I’ve been in Las Vegas on a Friday night. I’ve found myself in the middle of drunken riots on more than one occasion. I’ve been to Burning Man twice and I’ve happily bounced around in the spark showers at La Merce. I’ve even been to a Ted Nugent concert.
As a result, my tolerance for what can only be described as “douchebaggery” is higher than the average individual’s but even I have my limits. I found out where that line is drawn in my soul on Friday night around 9 PM.
I was biking down the Breestraat, a street here in Leiden, when a teenage girl jumped out in front of me. She was screaming and reached for my handlebars. Her friends, standing nearby, thought this was hilarious. I narrowly avoided a collision and she yelled at me as I made my escape. My Dutch is terrible but I can only assume she had blathered, “I NEED YOUR BIKE, MOTHERF–KER! GET BACK HERE!”
There’s a reason why 16 year-olds should not be legally allowed to drink. If you doubt this, look no further than “3 Oktober,” an annual festival in Leiden that drags on for three or more days and nights. Since Thursday, I’ve had my front door used as a toilet and I’ve had to surf through an ocean of drunks just to get to it. The tavern across the street has not closed since Friday afternoon and has either been blasting music or hosting sing-alongs almost nonstop. Getting to and from Leiden Centraal, the city’s train station, has been an exercise in patience that would test the nerves of Mohandas Gandhi. If confronted with 3 Oktober, I’m sure he’d find himself throwing punches or, at the very least, writing passive-aggressive tirades like this one on his blog.
I usually love this sort of thing but, honestly, this event had really gotten old by Saturday morning when 3/4 of the city was covered in a combination of piss, trash and empty beer cups. Most festivals usually shut down around midnight. 3 Oktober never stops. Leideners are typically laid-back but they must save up all of their rudeness and boorish behavior for the holiday.
Based on what I’ve seen in the past, the Dutch, in general, are pretty decent drunks. Get a group of them together, pour a few pitchers down their gullets and, at worst, they might start singing football chants. While they rarely get violent, their deeply-embedded aloofness skyrockets tenfold once the Amstel starts flowing.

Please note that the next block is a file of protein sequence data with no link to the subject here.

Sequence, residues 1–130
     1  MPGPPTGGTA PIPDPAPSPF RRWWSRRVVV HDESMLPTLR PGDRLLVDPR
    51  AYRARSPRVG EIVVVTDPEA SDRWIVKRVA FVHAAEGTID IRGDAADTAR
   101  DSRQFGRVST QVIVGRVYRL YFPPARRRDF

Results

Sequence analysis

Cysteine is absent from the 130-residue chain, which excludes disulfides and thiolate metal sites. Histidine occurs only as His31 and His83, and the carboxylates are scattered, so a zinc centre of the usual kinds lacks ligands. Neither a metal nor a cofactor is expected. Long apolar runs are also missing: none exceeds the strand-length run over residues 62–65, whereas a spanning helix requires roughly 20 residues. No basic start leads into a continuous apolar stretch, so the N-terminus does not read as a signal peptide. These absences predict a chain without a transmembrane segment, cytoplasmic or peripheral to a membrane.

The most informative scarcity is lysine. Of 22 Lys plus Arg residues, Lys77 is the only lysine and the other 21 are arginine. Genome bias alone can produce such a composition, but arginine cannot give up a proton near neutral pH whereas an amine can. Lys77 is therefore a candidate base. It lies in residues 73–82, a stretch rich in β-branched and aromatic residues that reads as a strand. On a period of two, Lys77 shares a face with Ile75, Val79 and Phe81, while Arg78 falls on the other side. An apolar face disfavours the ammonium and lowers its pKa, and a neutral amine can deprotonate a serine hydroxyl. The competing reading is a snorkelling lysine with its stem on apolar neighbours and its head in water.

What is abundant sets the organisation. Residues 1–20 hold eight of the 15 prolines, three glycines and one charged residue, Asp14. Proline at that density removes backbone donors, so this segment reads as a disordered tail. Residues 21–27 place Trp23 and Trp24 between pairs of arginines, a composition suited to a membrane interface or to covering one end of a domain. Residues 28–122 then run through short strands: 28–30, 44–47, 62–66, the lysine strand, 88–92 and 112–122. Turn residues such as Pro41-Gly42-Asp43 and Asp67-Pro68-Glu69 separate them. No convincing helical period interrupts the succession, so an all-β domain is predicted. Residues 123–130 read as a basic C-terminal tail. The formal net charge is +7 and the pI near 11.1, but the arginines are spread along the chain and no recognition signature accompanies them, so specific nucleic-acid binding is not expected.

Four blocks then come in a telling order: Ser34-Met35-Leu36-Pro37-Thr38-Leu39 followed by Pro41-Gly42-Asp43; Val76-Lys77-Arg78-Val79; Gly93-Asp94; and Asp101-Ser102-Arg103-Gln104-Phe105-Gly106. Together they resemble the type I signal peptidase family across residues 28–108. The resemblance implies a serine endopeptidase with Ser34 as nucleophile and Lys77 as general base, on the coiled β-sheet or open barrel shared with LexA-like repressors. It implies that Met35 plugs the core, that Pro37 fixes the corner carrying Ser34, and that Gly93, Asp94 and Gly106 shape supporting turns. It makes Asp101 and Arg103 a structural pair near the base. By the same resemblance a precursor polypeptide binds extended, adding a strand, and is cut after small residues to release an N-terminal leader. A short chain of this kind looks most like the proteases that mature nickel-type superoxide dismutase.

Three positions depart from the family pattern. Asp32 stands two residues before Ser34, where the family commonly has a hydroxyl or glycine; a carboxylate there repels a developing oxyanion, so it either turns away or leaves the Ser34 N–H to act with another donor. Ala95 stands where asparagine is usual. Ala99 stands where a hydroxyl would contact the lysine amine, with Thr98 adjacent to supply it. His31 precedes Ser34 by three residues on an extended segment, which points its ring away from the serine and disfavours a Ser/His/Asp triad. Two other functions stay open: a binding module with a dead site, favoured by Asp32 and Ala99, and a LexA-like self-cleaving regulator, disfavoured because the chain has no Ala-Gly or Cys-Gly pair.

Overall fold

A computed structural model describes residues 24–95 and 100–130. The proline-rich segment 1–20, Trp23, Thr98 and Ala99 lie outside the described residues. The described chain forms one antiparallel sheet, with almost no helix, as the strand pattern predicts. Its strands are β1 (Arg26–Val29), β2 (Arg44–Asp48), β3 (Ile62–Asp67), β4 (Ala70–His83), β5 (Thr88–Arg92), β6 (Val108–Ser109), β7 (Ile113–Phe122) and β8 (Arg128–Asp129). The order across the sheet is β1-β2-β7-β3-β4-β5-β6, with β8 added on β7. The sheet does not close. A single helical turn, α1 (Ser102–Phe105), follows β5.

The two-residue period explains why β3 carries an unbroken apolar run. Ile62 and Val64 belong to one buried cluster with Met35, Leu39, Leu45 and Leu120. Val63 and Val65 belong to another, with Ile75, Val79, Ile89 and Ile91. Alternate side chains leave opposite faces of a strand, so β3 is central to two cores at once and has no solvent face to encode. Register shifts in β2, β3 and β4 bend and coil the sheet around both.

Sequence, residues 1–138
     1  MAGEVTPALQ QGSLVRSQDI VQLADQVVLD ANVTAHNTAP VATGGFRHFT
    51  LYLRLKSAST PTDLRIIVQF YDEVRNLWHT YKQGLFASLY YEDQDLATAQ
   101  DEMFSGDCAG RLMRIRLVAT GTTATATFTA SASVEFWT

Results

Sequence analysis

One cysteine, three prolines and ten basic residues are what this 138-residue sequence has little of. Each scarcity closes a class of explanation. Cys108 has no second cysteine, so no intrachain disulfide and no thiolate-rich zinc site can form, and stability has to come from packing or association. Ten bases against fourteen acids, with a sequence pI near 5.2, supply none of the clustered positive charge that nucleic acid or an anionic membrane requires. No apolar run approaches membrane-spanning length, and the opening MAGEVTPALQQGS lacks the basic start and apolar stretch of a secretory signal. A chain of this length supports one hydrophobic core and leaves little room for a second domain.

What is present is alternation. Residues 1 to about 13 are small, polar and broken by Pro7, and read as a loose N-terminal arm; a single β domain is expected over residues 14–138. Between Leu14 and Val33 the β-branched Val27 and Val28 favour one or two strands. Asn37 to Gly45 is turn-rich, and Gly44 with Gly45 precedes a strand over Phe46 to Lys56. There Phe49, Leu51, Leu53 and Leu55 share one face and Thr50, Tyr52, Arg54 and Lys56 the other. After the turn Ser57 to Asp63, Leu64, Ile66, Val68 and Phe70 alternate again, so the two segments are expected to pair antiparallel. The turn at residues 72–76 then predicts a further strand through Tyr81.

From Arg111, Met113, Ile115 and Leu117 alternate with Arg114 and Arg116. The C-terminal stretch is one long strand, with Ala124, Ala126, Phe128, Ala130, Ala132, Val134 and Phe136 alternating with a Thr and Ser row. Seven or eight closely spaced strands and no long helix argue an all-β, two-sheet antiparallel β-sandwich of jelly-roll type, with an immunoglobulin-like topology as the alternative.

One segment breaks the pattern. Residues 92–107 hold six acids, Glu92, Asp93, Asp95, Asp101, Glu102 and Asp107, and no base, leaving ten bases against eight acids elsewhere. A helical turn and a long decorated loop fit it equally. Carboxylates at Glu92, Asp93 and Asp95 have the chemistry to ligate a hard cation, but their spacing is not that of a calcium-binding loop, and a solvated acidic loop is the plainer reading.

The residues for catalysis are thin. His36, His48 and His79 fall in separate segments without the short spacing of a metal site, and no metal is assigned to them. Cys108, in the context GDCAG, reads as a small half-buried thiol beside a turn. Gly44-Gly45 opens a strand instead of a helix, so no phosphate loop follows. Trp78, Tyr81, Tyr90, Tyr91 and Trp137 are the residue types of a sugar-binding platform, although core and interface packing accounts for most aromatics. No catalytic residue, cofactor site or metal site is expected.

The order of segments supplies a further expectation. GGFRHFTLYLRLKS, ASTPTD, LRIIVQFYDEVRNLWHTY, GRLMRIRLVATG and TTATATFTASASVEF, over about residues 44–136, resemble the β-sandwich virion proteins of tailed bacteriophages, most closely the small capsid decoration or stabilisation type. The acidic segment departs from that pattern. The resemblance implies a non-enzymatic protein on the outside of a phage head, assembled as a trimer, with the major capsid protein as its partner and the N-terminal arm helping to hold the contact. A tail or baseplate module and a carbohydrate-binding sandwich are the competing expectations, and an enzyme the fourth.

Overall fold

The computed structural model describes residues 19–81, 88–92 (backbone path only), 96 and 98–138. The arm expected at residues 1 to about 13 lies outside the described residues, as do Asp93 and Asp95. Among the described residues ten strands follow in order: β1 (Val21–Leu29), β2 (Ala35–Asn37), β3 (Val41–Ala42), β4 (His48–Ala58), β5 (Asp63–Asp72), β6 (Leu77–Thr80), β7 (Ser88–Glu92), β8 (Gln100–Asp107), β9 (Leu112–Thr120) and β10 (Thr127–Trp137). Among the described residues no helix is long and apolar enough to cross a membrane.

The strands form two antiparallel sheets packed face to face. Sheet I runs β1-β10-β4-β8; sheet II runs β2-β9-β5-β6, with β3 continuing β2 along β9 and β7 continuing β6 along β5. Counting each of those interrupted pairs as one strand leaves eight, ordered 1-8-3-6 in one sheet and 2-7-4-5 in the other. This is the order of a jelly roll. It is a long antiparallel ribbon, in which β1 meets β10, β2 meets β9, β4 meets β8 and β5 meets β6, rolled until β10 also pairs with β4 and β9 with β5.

Now if you take this hypothetical group of Dutchies and times them by a thousand and you’ve got 3 Oktober, a festival that celebrates not only the city’s triumph over the Spanish in 1574 but Dutch culture at its absolute lamest. It really brings out the worst in the locals and the city at large. Public urination, off-key warbling, complete indifference to everyone around them, bad jokes and a heavy penchant for littering…it’s all here. Nearly every Leiden bar hosts live bands on makeshift stages on sidewalks, making getting to and fro anywhere in town an absolute nightmare.
If the attendees aren’t singing along to polka tunes, they’re dancing to techno and not even decent techno. We’re talking about the most banal dance beats that seem to have time traveled from a Polish discotheque circa 1995. They can’t get enough of that stuff.
But the worst part of the festival is the carnival. For some inexpicable reason, the city’s municipal government thinks it’s perfectly ok to fill the major streets in front of the train station with cotton candy stands and Ferris wheels. Any other city on the planet would set all of this up in a park or a fairground on the edge of town in order to not drive area residents absolutely insane. Nope, not Leiden. They toss it all right, smack in the middle of the thoroughfares everyone needs to get in and out of the city center.
I’ve tried to enjoy 3 Oktober and to get into the spirit of the whole thing, despite how terribly it’s organized and how horrible the participants have behaved. I’ve been to a few events, I’ve ridden a few of the rides and I even tried to attend the pole-vaulting contest earlier today after I wrapped up my work for the afternoon.
After getting diverted to the edge of town by a gigantic parade, my attempts to get to the contest were thwarted. As I was pushing my bike home, a guy turned around and casually tossed a beer cup in my bike basket. He thought this was hilarious and chuckled to himself. Still fuming from an incident earlier in the day, when I was nearly run off a street by a recreation of Cinderalla’s carriage that was blasting along with total disregard, I lost my cool.
I paused and flashed him my best Clint Eastwood stare. He suppressed a chuckle and stared straight ahead. I don’t know what you would have done in this situation but I calmly picked up his cup and tossed it at him. I guess it should come as no surprise that the folks around him thought I was behaving like a jerk. They muttered among themselves as I continued on my way.
It’s times like this that make me wish the Spanish would invade this city again. At the very least, I’d be able to get a decent churro and a glass of Sangria down at the carnival.